An estimated 250,000 to 300,000 Roma resides in the Czech Republic, an unknown number of whom are stateless. A 1992 citizenship law led to statelessness for some residents in the Czech Republic, especially Roma considered Slovaks. Many of those affected by this law previously held Czechoslovakian citizenship and thousands were impacted by this legislation. While Slovakia decided that all former Czechoslovakian citizens could receive Slovak citizenship if they desired, regardless of where they had been living on the day of the split, the Czech Republic deemed that all those with Czech state citizenship from the former Czechoslovakia automatically received Czech national citizenship. But those with Slovak state citizenship, even if they had been living in the Czech Republic, had to apply for Czech national citizenship through naturalization, which included a series of stringent requirements.
This law greatly affected Roma because approximately 95 percent of the Czech Republic’s Roma had moved to the Czech Republic from Slovakia after World War II. Few had changed their citizenship in the intervening years and were thus considered Slovak citizens under the new law. This also affected children, as they too were considered Slovak citizens, even if they were born in Czech Republic territory.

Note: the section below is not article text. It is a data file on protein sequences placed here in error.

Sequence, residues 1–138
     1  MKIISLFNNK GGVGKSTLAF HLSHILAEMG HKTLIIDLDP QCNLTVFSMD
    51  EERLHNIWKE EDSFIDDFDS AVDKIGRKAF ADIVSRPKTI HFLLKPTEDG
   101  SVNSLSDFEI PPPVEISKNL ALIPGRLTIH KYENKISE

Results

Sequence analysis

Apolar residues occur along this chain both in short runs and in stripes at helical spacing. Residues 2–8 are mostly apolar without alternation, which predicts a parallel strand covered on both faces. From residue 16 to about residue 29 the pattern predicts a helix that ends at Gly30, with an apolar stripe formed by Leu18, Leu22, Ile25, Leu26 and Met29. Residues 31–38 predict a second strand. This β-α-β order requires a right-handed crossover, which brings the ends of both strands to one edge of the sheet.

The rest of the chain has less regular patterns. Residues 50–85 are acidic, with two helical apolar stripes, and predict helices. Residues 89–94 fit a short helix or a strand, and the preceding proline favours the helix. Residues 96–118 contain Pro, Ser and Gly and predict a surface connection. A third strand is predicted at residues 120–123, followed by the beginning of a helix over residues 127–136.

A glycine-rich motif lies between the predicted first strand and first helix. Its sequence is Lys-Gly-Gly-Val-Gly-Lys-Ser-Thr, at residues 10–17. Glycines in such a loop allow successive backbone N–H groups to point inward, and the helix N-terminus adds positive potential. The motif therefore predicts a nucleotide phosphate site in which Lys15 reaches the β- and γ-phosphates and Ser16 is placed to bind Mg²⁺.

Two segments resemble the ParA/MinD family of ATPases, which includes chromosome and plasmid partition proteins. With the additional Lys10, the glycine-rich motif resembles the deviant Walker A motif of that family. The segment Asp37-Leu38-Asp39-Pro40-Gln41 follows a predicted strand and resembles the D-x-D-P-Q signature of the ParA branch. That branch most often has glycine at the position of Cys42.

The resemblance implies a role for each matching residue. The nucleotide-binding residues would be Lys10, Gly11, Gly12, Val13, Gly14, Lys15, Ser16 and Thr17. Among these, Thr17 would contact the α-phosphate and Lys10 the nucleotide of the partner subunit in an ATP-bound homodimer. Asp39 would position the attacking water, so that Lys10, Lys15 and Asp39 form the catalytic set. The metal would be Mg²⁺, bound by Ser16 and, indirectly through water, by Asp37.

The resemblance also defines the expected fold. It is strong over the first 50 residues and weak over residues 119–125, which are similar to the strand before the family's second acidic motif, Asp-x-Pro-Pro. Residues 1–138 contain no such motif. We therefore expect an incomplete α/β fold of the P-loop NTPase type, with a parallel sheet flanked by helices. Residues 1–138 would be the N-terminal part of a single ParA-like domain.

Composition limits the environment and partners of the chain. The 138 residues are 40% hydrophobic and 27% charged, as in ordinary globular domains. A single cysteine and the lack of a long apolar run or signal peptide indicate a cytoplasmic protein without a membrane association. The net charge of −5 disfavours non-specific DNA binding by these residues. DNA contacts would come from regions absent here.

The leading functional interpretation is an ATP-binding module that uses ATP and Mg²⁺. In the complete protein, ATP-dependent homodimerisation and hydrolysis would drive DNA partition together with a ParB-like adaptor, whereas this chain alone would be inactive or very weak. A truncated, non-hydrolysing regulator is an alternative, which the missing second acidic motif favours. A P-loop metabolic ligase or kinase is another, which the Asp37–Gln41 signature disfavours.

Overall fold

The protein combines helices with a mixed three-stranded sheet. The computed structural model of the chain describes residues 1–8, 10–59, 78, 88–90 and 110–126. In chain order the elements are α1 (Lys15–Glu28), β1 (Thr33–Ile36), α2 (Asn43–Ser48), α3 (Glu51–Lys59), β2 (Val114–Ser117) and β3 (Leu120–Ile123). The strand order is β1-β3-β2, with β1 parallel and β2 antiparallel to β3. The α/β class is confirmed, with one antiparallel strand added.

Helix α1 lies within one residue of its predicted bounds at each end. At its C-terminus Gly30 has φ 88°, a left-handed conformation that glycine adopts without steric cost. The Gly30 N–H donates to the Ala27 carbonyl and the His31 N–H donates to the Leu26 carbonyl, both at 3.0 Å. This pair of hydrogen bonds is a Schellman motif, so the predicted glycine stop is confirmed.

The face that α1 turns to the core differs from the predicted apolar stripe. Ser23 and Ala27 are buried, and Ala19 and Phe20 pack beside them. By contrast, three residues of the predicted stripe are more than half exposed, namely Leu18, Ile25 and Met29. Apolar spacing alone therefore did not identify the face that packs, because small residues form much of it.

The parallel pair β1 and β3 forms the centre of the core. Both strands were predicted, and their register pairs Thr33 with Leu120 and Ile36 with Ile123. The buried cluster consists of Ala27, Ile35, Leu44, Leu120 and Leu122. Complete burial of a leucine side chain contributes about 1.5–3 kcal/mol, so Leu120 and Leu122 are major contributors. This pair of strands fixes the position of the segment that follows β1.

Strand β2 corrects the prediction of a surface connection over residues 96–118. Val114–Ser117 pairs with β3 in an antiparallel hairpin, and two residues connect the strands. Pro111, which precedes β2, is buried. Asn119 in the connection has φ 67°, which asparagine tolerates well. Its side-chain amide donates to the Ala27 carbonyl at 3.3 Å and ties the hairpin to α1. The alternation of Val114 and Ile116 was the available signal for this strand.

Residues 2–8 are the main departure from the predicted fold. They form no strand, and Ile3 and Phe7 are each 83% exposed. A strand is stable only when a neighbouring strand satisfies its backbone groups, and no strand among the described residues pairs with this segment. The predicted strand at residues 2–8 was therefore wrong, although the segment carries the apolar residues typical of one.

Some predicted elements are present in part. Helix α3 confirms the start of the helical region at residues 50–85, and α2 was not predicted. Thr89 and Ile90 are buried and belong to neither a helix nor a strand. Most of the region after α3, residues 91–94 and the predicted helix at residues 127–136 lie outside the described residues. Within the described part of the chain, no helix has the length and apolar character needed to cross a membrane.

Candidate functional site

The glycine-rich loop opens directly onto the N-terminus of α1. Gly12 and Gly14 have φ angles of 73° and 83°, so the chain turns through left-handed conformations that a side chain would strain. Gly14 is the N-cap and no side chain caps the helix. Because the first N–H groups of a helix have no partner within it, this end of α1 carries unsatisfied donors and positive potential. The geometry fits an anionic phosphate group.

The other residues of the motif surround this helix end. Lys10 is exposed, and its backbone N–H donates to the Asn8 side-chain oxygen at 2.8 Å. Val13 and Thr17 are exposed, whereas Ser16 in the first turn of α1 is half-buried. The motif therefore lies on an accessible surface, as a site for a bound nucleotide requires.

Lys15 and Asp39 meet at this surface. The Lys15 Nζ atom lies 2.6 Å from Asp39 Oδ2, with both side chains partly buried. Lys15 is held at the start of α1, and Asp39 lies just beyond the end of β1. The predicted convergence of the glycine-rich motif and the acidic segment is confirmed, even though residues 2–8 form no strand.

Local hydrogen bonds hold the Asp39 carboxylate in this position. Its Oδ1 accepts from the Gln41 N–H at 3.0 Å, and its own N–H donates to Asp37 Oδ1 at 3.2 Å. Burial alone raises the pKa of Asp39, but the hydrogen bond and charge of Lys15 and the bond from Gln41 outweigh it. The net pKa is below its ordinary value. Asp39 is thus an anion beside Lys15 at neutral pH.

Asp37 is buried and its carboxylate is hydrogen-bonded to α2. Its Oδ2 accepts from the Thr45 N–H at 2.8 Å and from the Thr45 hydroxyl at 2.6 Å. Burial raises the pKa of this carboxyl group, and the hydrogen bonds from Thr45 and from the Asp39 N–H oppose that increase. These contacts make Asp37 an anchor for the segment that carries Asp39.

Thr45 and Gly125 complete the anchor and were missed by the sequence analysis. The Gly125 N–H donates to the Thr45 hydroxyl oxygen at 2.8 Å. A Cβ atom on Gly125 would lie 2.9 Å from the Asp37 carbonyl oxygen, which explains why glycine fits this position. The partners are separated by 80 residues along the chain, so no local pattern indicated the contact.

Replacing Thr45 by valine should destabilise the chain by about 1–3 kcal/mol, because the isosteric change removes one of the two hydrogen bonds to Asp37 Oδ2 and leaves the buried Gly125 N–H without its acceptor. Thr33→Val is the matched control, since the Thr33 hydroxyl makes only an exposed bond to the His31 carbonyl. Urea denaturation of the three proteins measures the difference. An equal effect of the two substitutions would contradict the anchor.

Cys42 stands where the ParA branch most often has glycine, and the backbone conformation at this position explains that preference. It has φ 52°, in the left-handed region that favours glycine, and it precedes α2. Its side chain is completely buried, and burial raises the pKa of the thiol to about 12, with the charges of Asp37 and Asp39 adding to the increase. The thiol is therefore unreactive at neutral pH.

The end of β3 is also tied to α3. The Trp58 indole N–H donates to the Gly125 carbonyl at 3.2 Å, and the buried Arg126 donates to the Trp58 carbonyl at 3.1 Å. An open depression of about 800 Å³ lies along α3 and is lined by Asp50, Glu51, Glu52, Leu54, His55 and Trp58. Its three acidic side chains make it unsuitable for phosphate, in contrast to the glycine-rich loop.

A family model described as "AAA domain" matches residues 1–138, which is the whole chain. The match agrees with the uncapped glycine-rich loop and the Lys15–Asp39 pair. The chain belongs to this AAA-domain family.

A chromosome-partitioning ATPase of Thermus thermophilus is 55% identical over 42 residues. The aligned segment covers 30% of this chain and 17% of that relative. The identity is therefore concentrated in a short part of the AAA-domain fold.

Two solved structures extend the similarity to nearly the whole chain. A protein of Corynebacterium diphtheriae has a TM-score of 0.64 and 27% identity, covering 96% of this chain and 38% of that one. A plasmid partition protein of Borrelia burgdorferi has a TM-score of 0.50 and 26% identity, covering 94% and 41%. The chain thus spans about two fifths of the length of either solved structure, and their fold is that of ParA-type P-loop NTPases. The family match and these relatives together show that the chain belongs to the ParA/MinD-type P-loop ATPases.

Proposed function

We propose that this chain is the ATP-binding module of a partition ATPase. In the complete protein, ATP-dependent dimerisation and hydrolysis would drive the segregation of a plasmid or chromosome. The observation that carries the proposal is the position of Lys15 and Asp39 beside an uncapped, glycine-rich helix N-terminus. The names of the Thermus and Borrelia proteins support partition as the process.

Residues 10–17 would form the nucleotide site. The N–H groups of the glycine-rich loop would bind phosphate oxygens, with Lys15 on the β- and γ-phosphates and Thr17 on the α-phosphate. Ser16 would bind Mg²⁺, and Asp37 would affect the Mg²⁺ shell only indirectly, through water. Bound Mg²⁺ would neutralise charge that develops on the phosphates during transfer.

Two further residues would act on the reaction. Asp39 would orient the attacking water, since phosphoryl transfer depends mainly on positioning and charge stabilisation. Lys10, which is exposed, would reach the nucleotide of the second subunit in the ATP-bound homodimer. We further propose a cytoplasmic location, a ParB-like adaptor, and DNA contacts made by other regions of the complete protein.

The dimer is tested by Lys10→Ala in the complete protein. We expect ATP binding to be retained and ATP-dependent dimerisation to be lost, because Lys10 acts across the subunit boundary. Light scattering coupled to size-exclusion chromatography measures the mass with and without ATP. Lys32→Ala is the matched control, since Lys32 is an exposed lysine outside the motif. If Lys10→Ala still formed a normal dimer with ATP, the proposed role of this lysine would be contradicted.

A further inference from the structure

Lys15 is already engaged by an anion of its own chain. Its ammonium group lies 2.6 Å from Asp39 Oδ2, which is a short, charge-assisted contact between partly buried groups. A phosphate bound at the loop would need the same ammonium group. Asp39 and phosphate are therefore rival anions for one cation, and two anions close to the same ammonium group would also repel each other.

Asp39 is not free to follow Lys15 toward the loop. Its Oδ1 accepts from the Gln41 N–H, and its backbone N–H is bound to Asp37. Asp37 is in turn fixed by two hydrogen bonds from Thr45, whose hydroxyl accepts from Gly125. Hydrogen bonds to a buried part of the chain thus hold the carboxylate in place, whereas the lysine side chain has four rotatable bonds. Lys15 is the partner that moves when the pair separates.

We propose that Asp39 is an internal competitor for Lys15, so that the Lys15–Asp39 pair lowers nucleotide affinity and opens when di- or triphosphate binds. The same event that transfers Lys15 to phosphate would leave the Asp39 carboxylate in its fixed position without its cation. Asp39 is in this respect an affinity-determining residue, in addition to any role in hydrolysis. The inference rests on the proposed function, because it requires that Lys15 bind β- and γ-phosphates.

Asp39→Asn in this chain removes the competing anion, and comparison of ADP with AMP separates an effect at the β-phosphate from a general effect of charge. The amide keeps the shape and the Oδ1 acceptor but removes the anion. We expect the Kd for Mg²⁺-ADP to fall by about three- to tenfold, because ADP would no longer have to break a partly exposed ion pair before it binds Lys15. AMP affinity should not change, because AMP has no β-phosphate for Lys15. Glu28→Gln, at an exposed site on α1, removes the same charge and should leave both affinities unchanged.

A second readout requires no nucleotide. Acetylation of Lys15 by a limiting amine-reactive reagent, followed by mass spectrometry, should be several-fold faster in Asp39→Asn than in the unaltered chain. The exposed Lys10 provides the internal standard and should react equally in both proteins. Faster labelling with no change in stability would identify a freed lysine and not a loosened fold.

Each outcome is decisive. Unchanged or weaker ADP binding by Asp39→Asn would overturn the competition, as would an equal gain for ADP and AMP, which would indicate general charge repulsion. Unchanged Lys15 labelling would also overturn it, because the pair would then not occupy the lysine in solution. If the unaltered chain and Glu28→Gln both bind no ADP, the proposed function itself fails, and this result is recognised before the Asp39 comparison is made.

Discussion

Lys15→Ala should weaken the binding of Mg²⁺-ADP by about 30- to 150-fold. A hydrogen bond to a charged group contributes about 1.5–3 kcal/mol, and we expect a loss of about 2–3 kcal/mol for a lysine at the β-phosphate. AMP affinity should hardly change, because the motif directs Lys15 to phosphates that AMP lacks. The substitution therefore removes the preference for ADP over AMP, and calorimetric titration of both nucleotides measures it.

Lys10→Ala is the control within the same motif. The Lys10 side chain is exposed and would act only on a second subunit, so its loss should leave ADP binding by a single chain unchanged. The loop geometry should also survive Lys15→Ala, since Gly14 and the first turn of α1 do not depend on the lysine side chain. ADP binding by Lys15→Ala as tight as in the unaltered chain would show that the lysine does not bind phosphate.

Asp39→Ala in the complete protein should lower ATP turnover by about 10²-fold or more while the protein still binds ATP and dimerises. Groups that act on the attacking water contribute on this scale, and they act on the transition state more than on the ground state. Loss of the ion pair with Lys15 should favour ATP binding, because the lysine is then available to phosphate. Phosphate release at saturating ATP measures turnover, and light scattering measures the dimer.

The law also stated that all children under fifteen years old were included on the applications of their parents and that both parents had to agree that the child apply for citizenship. Hundreds of children reside in the Czech Republic’s orphanages, many of whom are Roma of Slovak origin. This law left such children stateless. In 1999, the Czech Republic amended its citizenship law to allow Roma who were permanent residents in the Czech Republic at the time of the country’s division to become citizens.
The Committee on the Rights of the Child has expressed concern that the rights of Roma, stateless, and immigrant children to access education and health were vague, which could result in discriminationand violence toward these groups. The Committee also noted concern that the number of children in institutions was growing and that a high number of them were stateless and disabled.